The median home value in Atlanta is $227,000, which is almost identical to the national median. But property here is as diverse as the people. Atlanta is a town where revitalization is constant. Neighborhoods previously on the decline are seeing rehabbing in a major way, making housing more available throughout the city. This gives people efficient access to homes close to big employers downtown like Coke, CNN, and Turner. A half trillion dollar real estate market means Atlanta’s property value per capita totals over $1.04 million.
4. Riverside, California
Popular with millennials and those escaping skyrocketing costs of living in Los Angeles, one of Riverside’s draws is affordable housing. In fact, 21,000 people relocated to Riverside between 2010 and 2017. Besides affordability, Riverside’s growing economy and near-ideal weather are an attractive combo for homebuyers. You’re also relatively close to both the beach and the mountains when you need a change of scenery.
The median home value in Riverside is $365,000, which is positively cheap compared with nearby L.A.’s $668,000 and San Diego’s $594,000 medians. This gives homebuyers more access to starter homes which can help make buying a larger, family home easier down the road. Buying in Riverside means being part of a market with $1.46 million in real estate value per resident.
3. Miami, Florida
Miami’s reputation precedes it. There’s no end of what to do and see. It’s one of dozens of beach towns along the Florida coast that draws in young people for professional opportunities and excuses to party. Thankfully, the median home value of$297,000 makes Miami a surprisingly affordable city. At that price, the only way to go is up, and there’s definitely room to grow. The Miami real estate market is worth $774 billion.
As an international business hub, Miami offers a lot of opportunity in banking, tourism, and trade careers. That, combined with its colorful and spirited nightlife makes Miami an ideal spot to buy real estate. After all, they’re not making any more coastal property.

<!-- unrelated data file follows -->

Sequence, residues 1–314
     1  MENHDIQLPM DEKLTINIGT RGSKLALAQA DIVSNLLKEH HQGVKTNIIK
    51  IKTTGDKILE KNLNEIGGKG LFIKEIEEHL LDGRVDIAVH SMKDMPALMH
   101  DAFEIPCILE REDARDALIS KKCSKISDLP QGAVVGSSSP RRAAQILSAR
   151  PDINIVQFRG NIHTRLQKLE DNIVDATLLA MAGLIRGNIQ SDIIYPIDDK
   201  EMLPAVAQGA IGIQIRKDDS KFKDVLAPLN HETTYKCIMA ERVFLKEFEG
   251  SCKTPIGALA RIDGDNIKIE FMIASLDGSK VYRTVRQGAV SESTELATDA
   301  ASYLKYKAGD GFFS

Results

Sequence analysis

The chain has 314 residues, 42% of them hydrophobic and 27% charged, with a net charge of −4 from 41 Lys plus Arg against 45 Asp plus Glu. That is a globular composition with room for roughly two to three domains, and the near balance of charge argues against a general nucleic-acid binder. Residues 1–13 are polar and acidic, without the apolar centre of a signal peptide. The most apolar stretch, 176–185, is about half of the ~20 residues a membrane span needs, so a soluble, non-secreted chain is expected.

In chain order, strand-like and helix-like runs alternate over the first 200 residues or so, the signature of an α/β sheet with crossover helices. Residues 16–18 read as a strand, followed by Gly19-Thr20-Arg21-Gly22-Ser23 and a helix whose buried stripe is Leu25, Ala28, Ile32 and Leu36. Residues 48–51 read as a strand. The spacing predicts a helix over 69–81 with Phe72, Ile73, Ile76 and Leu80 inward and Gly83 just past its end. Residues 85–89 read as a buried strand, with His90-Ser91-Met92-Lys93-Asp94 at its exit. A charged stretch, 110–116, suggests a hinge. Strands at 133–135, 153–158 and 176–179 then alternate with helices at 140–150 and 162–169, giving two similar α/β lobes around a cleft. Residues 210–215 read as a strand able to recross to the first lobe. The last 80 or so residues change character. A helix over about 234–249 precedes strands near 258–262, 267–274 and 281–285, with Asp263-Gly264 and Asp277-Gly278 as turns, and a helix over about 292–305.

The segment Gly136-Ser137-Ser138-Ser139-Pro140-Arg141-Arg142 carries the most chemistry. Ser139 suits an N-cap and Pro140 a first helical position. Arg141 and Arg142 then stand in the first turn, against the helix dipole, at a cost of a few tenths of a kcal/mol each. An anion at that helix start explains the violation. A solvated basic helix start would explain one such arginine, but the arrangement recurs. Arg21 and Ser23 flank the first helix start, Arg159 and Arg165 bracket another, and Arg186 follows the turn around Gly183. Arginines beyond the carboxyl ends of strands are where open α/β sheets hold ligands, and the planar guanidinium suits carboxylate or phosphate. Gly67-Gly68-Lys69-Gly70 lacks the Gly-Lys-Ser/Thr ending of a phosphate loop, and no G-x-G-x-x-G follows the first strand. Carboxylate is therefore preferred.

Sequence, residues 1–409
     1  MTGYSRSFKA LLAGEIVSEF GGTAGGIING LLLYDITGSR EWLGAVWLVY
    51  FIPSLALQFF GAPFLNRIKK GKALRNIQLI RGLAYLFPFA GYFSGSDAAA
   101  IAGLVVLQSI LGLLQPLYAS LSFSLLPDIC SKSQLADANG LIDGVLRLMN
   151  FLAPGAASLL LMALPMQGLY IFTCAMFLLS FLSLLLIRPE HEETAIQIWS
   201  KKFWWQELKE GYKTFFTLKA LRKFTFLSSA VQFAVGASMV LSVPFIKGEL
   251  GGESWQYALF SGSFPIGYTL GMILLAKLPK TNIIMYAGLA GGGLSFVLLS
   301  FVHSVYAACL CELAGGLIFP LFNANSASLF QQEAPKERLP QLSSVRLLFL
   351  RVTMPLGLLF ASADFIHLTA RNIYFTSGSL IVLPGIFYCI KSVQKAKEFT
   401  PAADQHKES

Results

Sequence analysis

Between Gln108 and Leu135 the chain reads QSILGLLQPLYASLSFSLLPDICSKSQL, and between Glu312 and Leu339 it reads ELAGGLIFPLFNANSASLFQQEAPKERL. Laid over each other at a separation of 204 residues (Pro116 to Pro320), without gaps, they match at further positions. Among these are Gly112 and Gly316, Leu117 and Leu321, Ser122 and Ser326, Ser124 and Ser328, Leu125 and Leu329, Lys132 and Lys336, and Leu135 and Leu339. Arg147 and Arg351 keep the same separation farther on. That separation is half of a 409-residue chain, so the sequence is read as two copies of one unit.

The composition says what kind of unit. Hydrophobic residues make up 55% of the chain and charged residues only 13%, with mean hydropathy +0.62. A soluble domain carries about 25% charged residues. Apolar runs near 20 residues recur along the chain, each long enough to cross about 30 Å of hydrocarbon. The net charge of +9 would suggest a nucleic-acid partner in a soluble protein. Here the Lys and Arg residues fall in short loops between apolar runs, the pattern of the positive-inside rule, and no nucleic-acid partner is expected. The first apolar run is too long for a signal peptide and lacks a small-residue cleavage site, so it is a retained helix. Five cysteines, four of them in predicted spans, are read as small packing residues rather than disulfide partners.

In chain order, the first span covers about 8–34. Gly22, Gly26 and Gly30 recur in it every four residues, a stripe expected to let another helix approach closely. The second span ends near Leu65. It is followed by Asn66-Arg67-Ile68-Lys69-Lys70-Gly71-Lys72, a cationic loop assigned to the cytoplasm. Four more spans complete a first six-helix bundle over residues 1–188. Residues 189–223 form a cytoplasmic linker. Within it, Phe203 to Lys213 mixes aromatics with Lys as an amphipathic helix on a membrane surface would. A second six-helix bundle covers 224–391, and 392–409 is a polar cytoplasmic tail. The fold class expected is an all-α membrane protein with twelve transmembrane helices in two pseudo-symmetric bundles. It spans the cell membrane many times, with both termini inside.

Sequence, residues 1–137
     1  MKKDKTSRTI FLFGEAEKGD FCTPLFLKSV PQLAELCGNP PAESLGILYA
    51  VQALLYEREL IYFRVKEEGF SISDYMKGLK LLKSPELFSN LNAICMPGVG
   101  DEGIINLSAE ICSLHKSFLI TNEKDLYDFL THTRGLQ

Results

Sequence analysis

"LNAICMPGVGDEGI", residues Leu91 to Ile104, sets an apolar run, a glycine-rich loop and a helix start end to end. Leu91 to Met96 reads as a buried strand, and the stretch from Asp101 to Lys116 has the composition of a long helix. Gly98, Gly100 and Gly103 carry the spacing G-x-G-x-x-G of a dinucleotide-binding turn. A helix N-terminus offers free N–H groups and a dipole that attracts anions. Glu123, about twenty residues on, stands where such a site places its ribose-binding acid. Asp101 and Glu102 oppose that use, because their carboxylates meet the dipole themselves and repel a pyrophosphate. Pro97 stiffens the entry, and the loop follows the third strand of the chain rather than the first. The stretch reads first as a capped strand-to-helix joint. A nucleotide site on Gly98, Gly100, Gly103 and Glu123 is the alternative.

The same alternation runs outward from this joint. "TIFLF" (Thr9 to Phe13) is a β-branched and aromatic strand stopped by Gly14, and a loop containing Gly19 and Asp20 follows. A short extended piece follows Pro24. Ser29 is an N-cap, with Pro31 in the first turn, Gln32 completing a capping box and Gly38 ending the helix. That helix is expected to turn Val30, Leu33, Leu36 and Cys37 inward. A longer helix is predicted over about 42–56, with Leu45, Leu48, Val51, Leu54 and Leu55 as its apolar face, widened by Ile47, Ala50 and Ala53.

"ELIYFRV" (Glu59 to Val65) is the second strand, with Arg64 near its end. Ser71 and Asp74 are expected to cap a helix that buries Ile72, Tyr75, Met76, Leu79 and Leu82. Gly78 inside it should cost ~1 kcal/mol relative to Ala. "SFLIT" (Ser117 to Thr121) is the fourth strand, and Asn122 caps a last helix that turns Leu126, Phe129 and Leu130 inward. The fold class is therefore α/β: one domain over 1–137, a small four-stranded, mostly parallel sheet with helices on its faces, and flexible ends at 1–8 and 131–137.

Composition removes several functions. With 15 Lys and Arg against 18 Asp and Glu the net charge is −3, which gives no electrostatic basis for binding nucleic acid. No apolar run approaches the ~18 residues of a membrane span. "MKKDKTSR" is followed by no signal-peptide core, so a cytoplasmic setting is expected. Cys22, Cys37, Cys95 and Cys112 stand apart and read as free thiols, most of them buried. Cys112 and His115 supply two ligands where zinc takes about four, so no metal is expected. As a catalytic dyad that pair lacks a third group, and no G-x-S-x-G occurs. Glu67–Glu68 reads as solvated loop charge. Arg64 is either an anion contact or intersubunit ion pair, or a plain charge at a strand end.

2. North Port, Florida
Nestled between Fort Myers and Sarasota, North Port is a great place to live in Florida because of its laid back, suburban feel. Attractive to retirees, the median home value in North Port is $244,000 while the real estate value per resident is $1.89 million. In addition to having affordable home prices, the city also has excellent schools and a low crime rate.
For an in-town experience, make a trip to the Warm Mineral Springs. It will take years off your appearance and refresh you for your work week. With opportunities for skilled workers and professionals, the city’s quality of life helps make career options in North Port even more appealing.
1. Naples, Florida
Topping our list is another beachside town in Florida. With an adorable and historic downtown and amazing ocean views, Naples is one of the wealthiest cities in the country. The city’s enormous $104 billion real estate market equals out to a staggering $4.7 million on a per resident basis. While stunning luxury homes show how high property values can go here, the median house price is only $329,000. Living in Naples is not out of reach even if you don’t have millions.
A melting pot of residents, Naples attracts singles, young couples, families, and seniors. It also has a lot of residents who only live there part-time, opting to settle in during the winter months to avoid the cold elsewhere. With continued job growth, thanks to growing tourism and retail sectors, Naples offers affordable housing and career opportunities in a city with a lot of long-term potential.